Sunday, August 20, 2006

What it all means

My high school football coach, Joe Bob Tyler, I went to school in Texas so you do say Joe Bob, said once that the most terrible thing in life is to discover one day that yours is full of regrets. This is a man who knew something about appreciating life as one who had survived the Bataan Death March. I have really tried to hang on to that idea and tried to live my life without regrets. One thing I have discovered is that regrets aren't necessary if you have the capacity to take full responsability for your life and your actions, to stare life down and face it without calling upon anything external. This allows you to accept and learn from your mistakes a.k.a. potential regrets.

Actually I guess it is more accurate to say that I discovered this second hand through the reading of many an existentialist text. If I had to claim a philosophical home it would have to be existentialism.

Why do I even bring this up? I've been reading Tri blogs for a little while now and I keep running across entries that have to do with meaning and the creation of meaning. Since I've been doing triathlons I've also been asked a number of times "Why do you do it?" I was asked the same thing about the ultramarathon I ran, my running of three marathons in three months and my completion of 20 events so far this year.

I suppose I have several potential answers but in my philosophical musings I am reminded of an essay by Albert Camus, "The Myth of Sisyphus" in which Camus relays the apparent pointlessness of Sisyphus' esixtance but acknowledges that Sisyphus ultimatly finds meaning in his existance, to eternally push a stone up a hill only to have it roll back down so that he has to begin the task again, through the simple act of applying himself fully to his task.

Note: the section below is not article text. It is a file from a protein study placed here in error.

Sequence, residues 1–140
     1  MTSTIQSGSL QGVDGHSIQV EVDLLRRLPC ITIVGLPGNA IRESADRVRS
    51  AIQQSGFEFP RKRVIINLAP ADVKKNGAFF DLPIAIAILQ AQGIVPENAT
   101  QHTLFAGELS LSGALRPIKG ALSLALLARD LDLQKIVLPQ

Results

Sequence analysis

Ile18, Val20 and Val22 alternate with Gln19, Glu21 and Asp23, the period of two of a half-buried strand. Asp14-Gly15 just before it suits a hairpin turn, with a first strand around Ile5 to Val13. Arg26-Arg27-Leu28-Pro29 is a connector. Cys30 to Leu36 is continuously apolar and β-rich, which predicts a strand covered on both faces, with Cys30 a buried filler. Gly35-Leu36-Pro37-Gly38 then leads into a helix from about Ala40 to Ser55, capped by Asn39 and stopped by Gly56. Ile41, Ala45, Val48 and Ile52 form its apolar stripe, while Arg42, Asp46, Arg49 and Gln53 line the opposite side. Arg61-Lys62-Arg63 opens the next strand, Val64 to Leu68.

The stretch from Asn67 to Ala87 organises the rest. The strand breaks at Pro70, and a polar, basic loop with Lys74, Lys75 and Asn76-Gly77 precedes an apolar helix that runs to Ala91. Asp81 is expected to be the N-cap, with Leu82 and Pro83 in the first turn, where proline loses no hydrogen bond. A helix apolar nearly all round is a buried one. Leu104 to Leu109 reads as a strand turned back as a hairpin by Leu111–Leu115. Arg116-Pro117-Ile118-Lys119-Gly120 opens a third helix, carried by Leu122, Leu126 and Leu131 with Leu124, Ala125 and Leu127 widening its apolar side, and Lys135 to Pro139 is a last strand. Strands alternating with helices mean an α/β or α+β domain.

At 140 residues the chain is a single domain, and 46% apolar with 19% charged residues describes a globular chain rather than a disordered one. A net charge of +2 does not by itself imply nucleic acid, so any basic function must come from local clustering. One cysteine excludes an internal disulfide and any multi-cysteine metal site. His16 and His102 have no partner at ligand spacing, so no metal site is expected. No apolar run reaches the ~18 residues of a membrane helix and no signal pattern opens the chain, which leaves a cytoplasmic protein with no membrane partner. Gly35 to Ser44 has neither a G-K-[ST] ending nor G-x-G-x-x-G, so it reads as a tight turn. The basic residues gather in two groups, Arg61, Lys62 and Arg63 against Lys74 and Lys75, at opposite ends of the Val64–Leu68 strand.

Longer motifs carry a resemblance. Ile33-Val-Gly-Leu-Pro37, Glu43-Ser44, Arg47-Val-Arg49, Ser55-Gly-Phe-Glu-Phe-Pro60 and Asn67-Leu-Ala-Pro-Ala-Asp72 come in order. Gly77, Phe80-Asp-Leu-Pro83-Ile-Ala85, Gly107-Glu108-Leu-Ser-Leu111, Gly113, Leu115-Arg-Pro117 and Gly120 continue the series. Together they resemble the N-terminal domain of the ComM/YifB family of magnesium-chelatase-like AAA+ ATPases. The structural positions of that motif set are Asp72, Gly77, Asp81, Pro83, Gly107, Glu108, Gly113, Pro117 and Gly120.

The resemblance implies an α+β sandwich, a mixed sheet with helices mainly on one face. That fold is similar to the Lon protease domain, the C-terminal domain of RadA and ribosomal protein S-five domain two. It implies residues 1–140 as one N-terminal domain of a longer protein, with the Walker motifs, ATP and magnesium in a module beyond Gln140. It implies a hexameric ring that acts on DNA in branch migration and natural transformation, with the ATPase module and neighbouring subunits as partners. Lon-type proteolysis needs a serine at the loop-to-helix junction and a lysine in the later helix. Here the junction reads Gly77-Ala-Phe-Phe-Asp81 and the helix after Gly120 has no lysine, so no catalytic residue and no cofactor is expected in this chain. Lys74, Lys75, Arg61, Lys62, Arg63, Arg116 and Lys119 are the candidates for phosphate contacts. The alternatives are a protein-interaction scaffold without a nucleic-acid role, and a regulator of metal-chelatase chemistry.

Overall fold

To quote some of the writing:
"As for this myth, one sees merely the whole effort of a body straining to raise the huge stone, to roll it, and push it up a slope a hundred times over; one sees the face screwed up, the cheek tight against the stone, the shoulder bracing the clay-covered mass, the foot wedging it, the fresh start with arms outstretched, the wholly human security of two earth-clotted hands. At the very end of his long effort measured by skyless space and time without depth, the purpose is achieved. Then Sisyphus watches the stone rush down in a few moments toward that lower world whence he will have to push it up again toward the summit. He goes back down to the plain.

It is during that return, that pause, that Sisyphus interests me. A face that toils so close to stones is already stone itself! I see that man going back down with a heavy yet measured step toward the torment of which he will never know the end. That hour like a breathing-space which returns as surely as his suffering, that is the hour of consciousness. At each of those moments when he leaves the heights and gradually sinks toward the lairs of the gods, he is superior to his fate. He is stronger than his rock."

So I guess that's it. When I look deeply at myself I discover that I am not a great man, not a powerful man, not a rich man and as far as my atheletic prowess goes, not a praticularly talented man. However, I do walk back down the mountain with shoulders squared and jaw set, I get my footing, lean my shoulder and place my cheek against that cold stone and prepare for another push. In my life I have found something inside that allows me to be stronger than my rock and my participation in endurance sports is an expression of that, my choice to work with the homeless is an expression of that, my choice to be a vegan is an expression of that, my choice to acknowledge that from great suffering comes the capacity to experience great happiness is an expression of that.

Oklahoma City RedMan 140.6, we have a date on September 23rd 2006.
Soma 70.3, we have a date on October 29th 2006.
Ironman Arizona, we have a date on April 15th 2007.

I leave you with a quote by another favorite writer, Victor Frankel.

"What man actually needs is not a tensionless state but rather the striving and struggling for some goal worthy of him. What he needs is not the discharge of tension at any cost, but the call of a potential meaning waiting to be fulfilled by him."

1 comment:

  1. NICE post, I guess we truely challenge ourselves sometimes just to know that we feel alive. Great racing this year, you will defienlty be totally ready for IM '07. As a fellow ultramarthon runner, those events do seem like a pushing a "big boulder" sometimes.